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Minerva Chirurgica 2018 October;73(5):505-11

DOI: 10.23736/S0026-4733.18.07767-2

Copyright © 2018 EDIZIONI MINERVA MEDICA

language: English

Emergent treatment of carotid stenosis: an evidence-based systematic review

Raffaele SERRA 1, 2 , Andrea BARBETTA 1, 3, Francesco FUGETTO 1, Noemi LICASTRO 2, Giovanni APREA 3, Giuseppe PETRELLA 4, Michele DANZI 3, Aldo ROCCA 3, Rita COMPAGNA 1, 3, Stefano DE FRANCISCIS 1, 2, Bruno AMATO 1, 3

1 Interuniversity Center of Phlebolymphology (CIFL), Magna Græcia University, Catanzaro, Italy; 2 Department of Medical and Surgical Sciences, Magna Græcia University, Catanzaro, Italy; 3 Department of Clinical Medicine and Surgery, Federico II University, Naples, Italy; 4 Department of Surgery, Tor Vergata University, Rome, Italy



INTRODUCTION: Stroke is one of the major causes of death in the world, but above all is the condition most associated with severe long-term disabilities. It is clear that this condition therefore requires the best therapeutic approach possible to minimize the consequences that this can lead to. The major issues concern the type of treatment to be used for revascularization (carotid endarterectomy [CEA] or stenting of the carotid artery [CAS]) and the timing of the treatment itself. Many studies have been conducted on this issue, but a definitive and unanimous verdict has not yet been reached on account of the great variety of results obtained from the various study group. The aim of this review is to analyze the latest scientific findings focused on revascularization following a symptomatic carotid stenosis (SCS).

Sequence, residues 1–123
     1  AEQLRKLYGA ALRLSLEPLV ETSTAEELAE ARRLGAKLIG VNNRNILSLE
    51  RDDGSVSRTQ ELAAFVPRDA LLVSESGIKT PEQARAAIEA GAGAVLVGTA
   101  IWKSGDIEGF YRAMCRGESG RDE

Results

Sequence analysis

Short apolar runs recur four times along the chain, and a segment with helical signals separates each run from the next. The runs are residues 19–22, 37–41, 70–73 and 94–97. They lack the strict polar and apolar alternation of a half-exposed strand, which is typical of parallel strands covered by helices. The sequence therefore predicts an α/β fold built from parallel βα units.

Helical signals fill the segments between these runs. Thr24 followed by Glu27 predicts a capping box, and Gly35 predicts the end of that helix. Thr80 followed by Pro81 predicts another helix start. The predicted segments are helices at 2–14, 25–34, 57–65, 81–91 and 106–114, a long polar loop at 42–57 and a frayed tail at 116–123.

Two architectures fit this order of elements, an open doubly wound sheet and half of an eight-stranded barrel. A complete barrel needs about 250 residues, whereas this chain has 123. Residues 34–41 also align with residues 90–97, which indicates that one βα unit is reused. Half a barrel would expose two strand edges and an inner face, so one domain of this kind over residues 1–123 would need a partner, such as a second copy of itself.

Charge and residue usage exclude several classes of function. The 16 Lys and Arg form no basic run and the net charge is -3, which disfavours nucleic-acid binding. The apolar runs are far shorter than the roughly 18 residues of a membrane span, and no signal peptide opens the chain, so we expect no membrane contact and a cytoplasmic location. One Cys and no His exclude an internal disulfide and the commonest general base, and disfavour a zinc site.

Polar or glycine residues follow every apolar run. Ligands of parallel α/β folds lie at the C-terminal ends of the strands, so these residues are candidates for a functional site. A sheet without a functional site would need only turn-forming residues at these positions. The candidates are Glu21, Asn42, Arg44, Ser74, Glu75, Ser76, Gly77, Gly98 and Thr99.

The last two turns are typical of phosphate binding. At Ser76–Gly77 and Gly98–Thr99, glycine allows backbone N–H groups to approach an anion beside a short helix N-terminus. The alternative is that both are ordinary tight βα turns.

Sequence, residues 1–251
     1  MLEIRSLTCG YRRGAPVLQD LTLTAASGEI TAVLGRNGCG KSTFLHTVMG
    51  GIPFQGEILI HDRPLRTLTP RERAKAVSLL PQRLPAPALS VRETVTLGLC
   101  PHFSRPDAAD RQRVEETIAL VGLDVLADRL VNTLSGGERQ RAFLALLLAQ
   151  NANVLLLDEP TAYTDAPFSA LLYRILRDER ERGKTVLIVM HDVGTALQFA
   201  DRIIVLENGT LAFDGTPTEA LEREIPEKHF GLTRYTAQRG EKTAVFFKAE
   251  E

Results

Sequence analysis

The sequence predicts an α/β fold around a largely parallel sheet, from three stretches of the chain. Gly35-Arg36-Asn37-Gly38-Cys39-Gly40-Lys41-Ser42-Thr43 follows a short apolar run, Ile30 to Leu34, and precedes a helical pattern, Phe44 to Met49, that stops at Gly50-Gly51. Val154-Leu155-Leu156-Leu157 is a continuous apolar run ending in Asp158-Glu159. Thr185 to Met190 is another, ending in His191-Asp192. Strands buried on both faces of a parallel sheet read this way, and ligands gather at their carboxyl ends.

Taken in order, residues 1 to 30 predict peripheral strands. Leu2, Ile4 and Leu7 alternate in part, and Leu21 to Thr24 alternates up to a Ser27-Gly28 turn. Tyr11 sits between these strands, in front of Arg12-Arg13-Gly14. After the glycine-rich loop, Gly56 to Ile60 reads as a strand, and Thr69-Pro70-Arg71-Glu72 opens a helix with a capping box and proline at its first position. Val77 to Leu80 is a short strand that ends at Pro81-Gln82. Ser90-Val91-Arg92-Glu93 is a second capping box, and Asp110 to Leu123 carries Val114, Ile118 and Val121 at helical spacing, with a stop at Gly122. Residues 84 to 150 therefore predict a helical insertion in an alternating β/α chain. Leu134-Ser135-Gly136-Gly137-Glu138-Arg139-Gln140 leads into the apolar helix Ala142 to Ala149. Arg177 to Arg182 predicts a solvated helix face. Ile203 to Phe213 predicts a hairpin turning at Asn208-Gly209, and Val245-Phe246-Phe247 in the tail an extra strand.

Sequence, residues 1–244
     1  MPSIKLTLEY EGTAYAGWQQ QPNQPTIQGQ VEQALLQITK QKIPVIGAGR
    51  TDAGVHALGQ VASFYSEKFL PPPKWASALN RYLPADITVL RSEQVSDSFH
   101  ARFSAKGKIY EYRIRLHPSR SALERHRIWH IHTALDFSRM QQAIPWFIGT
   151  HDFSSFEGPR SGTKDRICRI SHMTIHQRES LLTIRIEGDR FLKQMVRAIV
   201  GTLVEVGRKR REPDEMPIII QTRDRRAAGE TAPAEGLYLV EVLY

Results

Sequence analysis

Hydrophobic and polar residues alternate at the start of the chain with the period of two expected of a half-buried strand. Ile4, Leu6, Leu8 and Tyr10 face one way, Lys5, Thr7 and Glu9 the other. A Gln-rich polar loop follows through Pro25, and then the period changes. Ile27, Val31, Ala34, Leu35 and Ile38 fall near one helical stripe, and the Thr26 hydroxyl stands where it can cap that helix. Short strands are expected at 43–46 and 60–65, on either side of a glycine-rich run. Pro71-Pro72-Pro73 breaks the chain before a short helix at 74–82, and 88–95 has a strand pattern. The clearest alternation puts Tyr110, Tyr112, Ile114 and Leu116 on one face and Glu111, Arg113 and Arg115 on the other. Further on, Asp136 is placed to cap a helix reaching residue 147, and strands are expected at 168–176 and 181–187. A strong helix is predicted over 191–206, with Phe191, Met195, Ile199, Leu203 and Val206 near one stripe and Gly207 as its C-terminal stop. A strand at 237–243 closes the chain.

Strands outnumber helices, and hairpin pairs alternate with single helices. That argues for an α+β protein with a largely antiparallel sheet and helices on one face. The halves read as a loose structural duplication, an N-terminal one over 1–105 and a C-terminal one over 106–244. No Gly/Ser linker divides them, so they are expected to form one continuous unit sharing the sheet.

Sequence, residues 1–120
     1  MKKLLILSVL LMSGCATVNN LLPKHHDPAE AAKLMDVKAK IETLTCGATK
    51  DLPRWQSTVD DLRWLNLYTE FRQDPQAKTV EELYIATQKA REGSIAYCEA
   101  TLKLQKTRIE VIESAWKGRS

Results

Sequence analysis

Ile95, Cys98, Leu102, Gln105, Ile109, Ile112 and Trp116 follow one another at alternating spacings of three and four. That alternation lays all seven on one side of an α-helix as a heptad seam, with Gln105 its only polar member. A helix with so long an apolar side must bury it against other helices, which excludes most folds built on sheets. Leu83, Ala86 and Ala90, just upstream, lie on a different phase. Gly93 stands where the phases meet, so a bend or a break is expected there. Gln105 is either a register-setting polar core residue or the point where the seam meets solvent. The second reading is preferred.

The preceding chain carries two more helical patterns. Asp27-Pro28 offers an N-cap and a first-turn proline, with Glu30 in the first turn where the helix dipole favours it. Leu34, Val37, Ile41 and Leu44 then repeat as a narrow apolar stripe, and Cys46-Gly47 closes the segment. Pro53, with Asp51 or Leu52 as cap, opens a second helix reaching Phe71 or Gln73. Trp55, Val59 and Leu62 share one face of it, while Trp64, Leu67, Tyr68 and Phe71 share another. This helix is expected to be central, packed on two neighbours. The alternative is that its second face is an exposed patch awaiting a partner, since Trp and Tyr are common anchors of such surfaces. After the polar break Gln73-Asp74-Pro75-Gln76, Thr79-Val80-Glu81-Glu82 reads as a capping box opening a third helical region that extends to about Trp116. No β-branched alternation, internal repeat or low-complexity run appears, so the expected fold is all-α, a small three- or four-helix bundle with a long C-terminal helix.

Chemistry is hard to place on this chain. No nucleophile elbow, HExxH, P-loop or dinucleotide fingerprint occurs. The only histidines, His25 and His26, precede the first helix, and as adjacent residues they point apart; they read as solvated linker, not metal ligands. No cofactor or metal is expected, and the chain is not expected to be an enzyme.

EVIDENCE ACQUISITION: We searched all publications addressing treatments and timing of approach to SCS. Randomized trials, cohort studies and reviews were contemplated in order to give a breadth of clinical data. Medline and Science Direct were searched from January 2013 to April 2017.
EVIDENCE SYNTHESIS: Of the 819 records found, 76 matched our inclusion criteria. After reading the full-text articles, we decided to exclude 54 manuscripts because of the following reasons: 1) no innovative or important content; 2) insufficient data; 3) no clear potential biases or strategies to solve them; 4) no clear endpoints; and 5) inconsistent or arbitrary conclusions. The final set included 22 articles.
CONCLUSIONS: CEA is considered a less problematic method than CAS, especially for patients over the age of 75; CAS remains recommended in patients with a favorable anatomy or high surgical risks. Studies that showed more solid results seem to lead to the conclusion that optimal timing may be between 2 days and the end of the first week from the onset of symptoms in patients who are appropriate candidates for surgery.


KEY WORDS: Emergency medicine - Carotid stenosis - Endovascular procedures - Myocardial revascularization

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